Few if any laboratory diagnostic procedures are established on firmer scientific basis than the Aschheim-Zondek test for pregnancy. However, it has been repeatedly demonstrated in medicine that, while the scientific concepts and all theoretical considerations may be in harmony, actual practice has failed to confirm anticipations. It has been several years since Aschheim and Zondek1 enunciated the principle and went far toward proving the practical value of the test that bears their name. Since that time, not only have the authors further demonstrated the practical value of the test by an extensive series of cases but similar reports have appeared from other laboratories. There has also appeared an occasional adverse report,2 which we feel does not negate the basic value of the test but emphasizes some of the difficulties in the original technic of the test. Indeed, it is this problem which was responsible for our search for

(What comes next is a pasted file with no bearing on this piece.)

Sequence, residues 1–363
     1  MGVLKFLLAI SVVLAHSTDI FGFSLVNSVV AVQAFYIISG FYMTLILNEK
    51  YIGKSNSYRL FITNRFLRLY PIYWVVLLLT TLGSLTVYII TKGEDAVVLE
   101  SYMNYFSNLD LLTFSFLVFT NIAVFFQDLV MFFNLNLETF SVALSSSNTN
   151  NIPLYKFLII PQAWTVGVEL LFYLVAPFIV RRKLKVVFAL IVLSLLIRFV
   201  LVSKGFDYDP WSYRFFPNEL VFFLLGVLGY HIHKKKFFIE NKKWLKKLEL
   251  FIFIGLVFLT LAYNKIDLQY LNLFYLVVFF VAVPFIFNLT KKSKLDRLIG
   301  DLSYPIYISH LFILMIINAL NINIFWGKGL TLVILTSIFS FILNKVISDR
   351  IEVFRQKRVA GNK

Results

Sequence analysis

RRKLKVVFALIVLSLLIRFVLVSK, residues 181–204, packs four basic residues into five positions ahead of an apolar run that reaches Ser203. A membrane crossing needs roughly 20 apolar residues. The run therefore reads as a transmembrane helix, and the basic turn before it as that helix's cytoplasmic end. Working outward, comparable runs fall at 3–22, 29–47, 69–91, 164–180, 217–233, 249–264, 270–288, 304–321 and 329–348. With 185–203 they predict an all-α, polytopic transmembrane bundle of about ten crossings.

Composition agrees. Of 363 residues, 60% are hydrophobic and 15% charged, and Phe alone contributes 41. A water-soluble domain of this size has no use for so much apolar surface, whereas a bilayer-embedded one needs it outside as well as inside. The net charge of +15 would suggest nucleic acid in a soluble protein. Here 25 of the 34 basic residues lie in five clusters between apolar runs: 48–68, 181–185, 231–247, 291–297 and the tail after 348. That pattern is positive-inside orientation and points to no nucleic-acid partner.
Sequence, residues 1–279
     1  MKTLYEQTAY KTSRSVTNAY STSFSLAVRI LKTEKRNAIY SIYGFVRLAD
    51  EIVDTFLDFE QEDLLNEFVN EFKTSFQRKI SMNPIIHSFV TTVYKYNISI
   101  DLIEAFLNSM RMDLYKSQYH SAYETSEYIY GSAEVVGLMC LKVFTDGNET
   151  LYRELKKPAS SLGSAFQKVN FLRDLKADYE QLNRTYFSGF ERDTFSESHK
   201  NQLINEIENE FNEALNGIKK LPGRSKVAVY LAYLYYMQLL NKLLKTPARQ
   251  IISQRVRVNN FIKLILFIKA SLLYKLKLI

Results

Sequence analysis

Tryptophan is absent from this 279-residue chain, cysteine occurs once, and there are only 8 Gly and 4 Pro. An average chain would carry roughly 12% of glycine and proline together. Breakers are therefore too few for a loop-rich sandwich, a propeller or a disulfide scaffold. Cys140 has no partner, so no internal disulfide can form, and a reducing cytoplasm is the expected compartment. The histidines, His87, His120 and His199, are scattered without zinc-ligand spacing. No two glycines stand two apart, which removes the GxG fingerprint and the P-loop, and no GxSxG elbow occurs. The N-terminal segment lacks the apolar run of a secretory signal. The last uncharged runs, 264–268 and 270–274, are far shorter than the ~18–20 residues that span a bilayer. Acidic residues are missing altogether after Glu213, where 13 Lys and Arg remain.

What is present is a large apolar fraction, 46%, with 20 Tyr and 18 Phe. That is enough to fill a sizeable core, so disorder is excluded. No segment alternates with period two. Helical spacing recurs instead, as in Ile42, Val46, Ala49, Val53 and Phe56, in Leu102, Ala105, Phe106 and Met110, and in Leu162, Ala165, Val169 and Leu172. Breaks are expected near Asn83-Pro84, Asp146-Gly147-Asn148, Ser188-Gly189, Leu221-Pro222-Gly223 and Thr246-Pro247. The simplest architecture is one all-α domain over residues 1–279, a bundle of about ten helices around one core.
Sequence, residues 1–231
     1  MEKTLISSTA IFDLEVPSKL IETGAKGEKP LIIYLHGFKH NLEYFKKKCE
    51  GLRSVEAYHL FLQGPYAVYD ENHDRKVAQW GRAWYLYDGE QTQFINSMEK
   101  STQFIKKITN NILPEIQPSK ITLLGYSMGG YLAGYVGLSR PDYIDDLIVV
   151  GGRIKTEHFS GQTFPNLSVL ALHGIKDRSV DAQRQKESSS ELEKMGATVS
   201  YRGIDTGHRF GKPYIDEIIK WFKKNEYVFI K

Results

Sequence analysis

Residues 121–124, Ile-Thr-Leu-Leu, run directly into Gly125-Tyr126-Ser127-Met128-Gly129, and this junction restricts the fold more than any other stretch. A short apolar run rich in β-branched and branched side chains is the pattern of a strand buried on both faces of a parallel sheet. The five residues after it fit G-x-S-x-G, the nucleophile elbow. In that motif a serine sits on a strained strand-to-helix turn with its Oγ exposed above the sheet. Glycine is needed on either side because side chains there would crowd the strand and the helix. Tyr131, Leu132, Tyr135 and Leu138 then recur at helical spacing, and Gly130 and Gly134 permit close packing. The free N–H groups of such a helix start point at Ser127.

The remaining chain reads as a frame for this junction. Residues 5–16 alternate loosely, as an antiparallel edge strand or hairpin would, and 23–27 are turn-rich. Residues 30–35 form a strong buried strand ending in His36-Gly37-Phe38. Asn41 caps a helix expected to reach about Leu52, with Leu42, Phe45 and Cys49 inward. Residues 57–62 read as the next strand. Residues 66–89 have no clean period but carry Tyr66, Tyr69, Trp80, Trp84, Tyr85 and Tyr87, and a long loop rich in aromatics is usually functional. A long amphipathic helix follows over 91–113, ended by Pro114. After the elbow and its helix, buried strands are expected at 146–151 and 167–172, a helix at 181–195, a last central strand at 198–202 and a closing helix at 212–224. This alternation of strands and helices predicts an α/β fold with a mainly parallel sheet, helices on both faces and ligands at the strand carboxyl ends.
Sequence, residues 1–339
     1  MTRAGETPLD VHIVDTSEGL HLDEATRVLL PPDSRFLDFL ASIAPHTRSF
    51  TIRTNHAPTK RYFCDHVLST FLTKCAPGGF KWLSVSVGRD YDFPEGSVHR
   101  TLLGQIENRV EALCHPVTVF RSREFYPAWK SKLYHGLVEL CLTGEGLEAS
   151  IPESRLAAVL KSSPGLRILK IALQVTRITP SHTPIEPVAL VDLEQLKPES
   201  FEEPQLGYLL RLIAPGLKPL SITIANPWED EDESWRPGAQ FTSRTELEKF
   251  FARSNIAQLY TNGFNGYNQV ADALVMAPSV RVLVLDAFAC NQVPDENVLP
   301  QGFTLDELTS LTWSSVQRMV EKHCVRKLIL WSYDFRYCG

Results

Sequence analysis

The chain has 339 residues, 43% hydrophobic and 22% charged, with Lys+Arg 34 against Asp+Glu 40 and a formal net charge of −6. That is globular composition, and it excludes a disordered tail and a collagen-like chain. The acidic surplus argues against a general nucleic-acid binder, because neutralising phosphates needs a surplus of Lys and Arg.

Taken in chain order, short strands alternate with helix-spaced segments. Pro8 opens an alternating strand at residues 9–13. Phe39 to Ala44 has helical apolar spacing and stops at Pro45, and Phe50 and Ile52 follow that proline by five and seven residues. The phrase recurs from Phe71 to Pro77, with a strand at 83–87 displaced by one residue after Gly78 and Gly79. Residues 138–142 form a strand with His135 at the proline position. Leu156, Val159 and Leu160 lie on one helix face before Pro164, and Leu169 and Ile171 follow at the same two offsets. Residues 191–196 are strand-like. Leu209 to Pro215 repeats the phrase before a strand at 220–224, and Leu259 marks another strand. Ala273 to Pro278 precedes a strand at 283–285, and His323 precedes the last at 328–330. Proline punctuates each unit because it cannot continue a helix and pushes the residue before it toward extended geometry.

REINHART HL, SCOTT E. A MODIFICATION OF THE ASCHHEIM-ZONDEK TEST FOR PREGNANCY. JAMA. 1931;96(19):1565–1567. doi:10.1001/jama.1931.02720450007003
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